Why Is the White House White?
It isn't just for looks.
The White House: three words that bring the same image to mind for every American (and many citizens of other countries as well!) We picture a stately Neo-Classical building, snowy-white and crowned with the Stars and Stripes. It’s true that the moniker of the president’s home is both a name and a descriptor, but the house built on the site selected by George Washington was not originally built with its modern name or color in mind. The cornerstone for the forthcoming President’s House was laid in 1792, and John and Abigail Adams were the first presidential family to occupy the still-unfinished building in 1800. Try your luck at this U.S. presidential trivia everyone gets wrong.
During the War of 1812, British soldiers set fire to what was then known as the President’s Palace, the President’s House, or the Executive Mansion, completely gutting the inside. You might have heard that the building was painted white to cover up the scorch marks from that 1814 attack, but that famous white color actually predates the fire damage. Six years into construction, in 1798—when the outer walls were finally finished—a lime-based whitewash was applied to the outside to weather-proof the house. The walls are made of soft, permeable Virginian sandstone, and the whitewash prevents water from being absorbed into the porous stone, then freezing and cracking during the cold D.C. winter. By the time President Adams moved in, the White House was already being colloquially referred to as such. As early as 1812, Congressman Abijah Bigelow wrote in a letter to a colleague, “There is much trouble at the White House, as we call it, I mean the President’s.” The trouble he referred to was the impending war with Great Britain. A massive landmark in D.C., it is no surprise that the building earned this nickname, not least because of the continual refreshing of the whitewash in order to keep the house protected from the weather. Don’t miss these other 12 mind-blowing facts you never knew about the White House.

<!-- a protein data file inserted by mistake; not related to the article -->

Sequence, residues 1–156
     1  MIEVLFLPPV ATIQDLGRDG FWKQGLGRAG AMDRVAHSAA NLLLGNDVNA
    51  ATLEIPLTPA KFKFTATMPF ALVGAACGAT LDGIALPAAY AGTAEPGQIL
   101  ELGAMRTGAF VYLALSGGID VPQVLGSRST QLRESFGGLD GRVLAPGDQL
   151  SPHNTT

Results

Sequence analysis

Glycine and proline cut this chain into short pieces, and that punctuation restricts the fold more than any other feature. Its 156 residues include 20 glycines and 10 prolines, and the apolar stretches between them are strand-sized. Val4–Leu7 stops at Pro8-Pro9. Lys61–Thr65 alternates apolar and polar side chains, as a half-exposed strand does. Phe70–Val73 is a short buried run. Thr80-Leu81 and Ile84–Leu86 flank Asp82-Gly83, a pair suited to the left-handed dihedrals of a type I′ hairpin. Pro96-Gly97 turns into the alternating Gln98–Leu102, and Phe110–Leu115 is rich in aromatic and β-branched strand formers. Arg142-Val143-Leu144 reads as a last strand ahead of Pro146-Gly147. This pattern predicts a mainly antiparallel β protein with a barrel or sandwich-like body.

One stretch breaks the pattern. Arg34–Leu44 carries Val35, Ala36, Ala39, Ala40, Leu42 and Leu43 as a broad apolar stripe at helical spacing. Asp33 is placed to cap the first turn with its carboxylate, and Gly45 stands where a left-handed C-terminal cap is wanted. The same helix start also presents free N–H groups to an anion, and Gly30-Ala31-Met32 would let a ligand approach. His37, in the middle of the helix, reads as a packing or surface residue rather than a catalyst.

The President’s House continued to evolve over the years. The original architect, James Hoban, rebuilt the house after the fire and it was re-whitewashed and ready when President James Monroe occupied the building in 1817. The year after, the President’s House was covered with white lead paint, which lasted longer than whitewash, and the South and North Porticos followed in the 1820s under Presidents Monroe and Jackson. Many other renovations have been carried out on the building since, from President Truman’s very necessary structural renovations in the 1950s to the addition of both indoor and outdoor swimming pools (Presidents Franklin Delano Roosevelt and Gerald Ford respectively). Find out what perks U.S. Presidents get to keep after leaving office.
However, the biggest changes came from President Theodore Roosevelt. When Roosevelt became president in 1901, he installed electric lights, rebuilt the East Terrace, and constructed the building that would later become the West Wing. He also made the President’s House unofficial nickname its official one. Nearly every U.S. state had an “executive mansion” for its governor; by officially naming it the “White House,” Roosevelt believed that the building would be immediately recognizable as the residence of the President of the United States. The White House gets a touch-up most years, but it received its most recent full re-paint job in 2019. Full coats are usually applied every 4-6 years. Each full coat requires about 570 gallons of specialty German-made paint (the 2019 paint job was revealed to be completed in Duron’s “Whisper White” shade) which is designed to preserve historic buildings and can cost up to $150 per gallon! For more White House trivia, find out the real reason the Oval Office is an oval.